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. Last Updated: 07/27/2016

City's Car Thieves Go on a Bentley Binge

MTA pedestrian standing by a Bentley worth $320,000 on Okhotny Ryad on Monday. Seven of the British luxury cars have been stolen in Moscow this summer.
Stock market wobbles may not have cut many Moscow multimillionaires down to size yet, but if you've been keeping count, you may have noticed fewer Bentleys cruising the city's streets.

Three Bentleys have been stolen in the last two weeks, a city police spokesman said Monday, bringing the total of the British-made luxury cars stolen this summer alone to seven, Interfax reported. Only one of the cars has been recovered.

After opening a showroom in the city in 2003, the Bentley quickly became a symbol of affluence for the country's nouveaux riches, and no high-end club is worth its salt unless it has a Bentley clumsily parked out front and blocking traffic.

The budget models, for $270,000 and up, seem to be the most popular with pop and sports stars, while classic models, starting at about $470,000, are the choice of the business elite. The extra-long Arnage RL is said to be especially popular in Russia, as it allows the owner to sit even farther away from the driver.

The most recent theft took place sometime Thursday night on Kutuzovsky Prospekt, and the owner only discovered the crime when she arrived in her courtyard to find a Bentley-sized space where her $330,000 Continental GT had been parked.

The 25-year-old owner was unemployed, Interfax reported, prompting one reader on tabloid Komsomolskaya Pravda's web site to comment "How terrible. Unemployed and she had her car stolen."

Last week, Olympic water polo champion Vladimir Zhmudsky had his Bentley stolen from Frunzenskaya Naberezhnaya.

Whoever is making off with the cars is hurting not only the owners of the luxury machines but also Bentley owners in general, as their already hefty insurance premiums are now on the rise.

Rosno, one of the country's largest insurance companies, has raised its rates for Bentley cars in light of the recent thefts, Dmitry Kuznetsov, of the company's motor insurance center, said in e-mailed comments Monday. The company has also upped its satellite alarm system requirements for Bentley owners.

Kuznetsov refused to provide concrete figures for the size of premiums, saying the cost varied from car to car and owner to owner.

Earlier this year, Rosno made a $175,800 insurance payout after a different Bentley Continental GT was stolen.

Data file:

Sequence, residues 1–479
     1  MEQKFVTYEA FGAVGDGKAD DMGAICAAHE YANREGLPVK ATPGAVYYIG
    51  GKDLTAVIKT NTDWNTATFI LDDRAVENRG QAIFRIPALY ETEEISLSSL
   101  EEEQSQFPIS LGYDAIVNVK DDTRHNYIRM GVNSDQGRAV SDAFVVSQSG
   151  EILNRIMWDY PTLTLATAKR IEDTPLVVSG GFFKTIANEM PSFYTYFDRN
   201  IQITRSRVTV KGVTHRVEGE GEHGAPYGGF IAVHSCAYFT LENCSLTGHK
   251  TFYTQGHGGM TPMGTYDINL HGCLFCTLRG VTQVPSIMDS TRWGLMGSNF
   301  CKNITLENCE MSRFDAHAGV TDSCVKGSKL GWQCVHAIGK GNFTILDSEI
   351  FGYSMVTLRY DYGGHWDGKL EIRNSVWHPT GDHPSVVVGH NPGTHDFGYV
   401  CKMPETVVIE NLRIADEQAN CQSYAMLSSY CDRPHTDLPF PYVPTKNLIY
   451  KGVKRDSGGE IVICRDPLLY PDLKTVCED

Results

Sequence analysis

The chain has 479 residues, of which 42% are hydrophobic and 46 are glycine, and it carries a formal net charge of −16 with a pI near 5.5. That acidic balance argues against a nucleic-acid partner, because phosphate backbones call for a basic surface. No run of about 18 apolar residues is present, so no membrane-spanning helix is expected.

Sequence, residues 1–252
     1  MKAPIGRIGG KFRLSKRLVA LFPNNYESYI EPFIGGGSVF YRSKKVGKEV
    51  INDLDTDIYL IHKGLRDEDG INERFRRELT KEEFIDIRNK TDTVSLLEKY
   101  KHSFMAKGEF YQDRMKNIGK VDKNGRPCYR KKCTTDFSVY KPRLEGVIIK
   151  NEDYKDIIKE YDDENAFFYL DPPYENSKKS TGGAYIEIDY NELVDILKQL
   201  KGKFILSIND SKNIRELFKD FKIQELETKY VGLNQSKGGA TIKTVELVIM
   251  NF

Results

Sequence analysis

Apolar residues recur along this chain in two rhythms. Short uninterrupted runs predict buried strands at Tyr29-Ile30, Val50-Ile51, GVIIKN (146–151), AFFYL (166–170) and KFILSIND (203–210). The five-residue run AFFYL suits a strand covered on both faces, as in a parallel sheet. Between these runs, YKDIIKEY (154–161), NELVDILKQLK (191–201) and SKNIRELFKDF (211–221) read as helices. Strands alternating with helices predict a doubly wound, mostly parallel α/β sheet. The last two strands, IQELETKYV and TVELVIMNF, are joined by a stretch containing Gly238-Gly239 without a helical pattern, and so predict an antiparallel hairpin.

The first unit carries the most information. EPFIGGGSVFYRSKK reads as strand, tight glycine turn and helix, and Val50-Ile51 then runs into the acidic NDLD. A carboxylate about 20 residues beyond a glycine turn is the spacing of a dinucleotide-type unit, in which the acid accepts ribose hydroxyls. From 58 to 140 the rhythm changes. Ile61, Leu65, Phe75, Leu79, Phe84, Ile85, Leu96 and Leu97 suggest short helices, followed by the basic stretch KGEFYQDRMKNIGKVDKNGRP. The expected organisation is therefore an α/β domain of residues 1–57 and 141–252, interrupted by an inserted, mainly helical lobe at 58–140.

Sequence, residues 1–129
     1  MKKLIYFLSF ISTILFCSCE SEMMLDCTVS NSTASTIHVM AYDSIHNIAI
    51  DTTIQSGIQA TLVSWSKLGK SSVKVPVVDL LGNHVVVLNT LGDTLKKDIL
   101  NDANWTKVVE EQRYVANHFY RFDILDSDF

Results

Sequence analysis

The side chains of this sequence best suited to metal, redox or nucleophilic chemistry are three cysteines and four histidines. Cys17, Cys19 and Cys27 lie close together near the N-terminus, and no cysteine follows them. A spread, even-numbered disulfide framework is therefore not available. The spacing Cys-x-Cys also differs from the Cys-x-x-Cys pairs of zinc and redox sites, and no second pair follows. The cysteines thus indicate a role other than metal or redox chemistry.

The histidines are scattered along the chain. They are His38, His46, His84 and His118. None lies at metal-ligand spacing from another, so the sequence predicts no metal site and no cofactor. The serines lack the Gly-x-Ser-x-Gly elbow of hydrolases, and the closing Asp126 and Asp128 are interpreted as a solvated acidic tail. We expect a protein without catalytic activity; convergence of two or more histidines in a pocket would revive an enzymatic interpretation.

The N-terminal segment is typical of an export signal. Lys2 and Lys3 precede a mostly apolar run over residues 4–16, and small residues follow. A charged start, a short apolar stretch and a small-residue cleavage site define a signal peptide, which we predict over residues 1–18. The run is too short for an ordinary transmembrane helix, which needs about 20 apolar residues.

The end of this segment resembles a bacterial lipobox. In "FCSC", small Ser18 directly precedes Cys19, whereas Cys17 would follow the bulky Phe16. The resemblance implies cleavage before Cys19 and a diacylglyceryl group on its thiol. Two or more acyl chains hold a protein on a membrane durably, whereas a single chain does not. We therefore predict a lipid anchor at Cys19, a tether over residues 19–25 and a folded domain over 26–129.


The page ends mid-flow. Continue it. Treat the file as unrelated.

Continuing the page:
The one car that has been recovered to date was found abandoned on a city street, a police spokesman said Monday.

Six missing Bentleys may seem like a small number, considering there were more than 13,000 cars reported stolen in the first seven months of 2007, according to Interior Ministry statistics. Given the relatively small number of the cars in the country, however, it is still a pretty hefty figure.

The Moscow Bentley showroom refused to comment Monday on how many Bentleys there were in the capital, but they have put the figure of vehicles imported per year at 300 in past interviews.

Police, meanwhile, refused Monday to speculate whether the rash of thefts was the work of different thieves, one gang, or a single Bentley fan with an extra-large garage.

The theft of a car worth more than many people's apartments is unlikely to be a chance occurrence. Most luxury cars are stolen to order, said Maxim Prikhodov, an editor at automotive magazine Za Rulyom.

"It's like the black market for art. Some steal paintings by Kandinsky or Malevich," he said. "The Bentley is also art."

One Bentley still in place is that of flamboyant singer Nikolai Baskov, who rents it out to a limousine service when he's not riding in it himself.

Anton, an employee at the limo service who refused to give his surname, said he was not worried that Baskov's Bentley might be stolen.

First of all, it is always under guard or in a secure garage, he said. Second, since the car is customized, it would be impossible to hide or sell on to another owner.

Baskov's Bentley, which is more than 9 meters long, was made from two separate models that were cut up and stuck together.

"There might even be a third one in there," Anton said.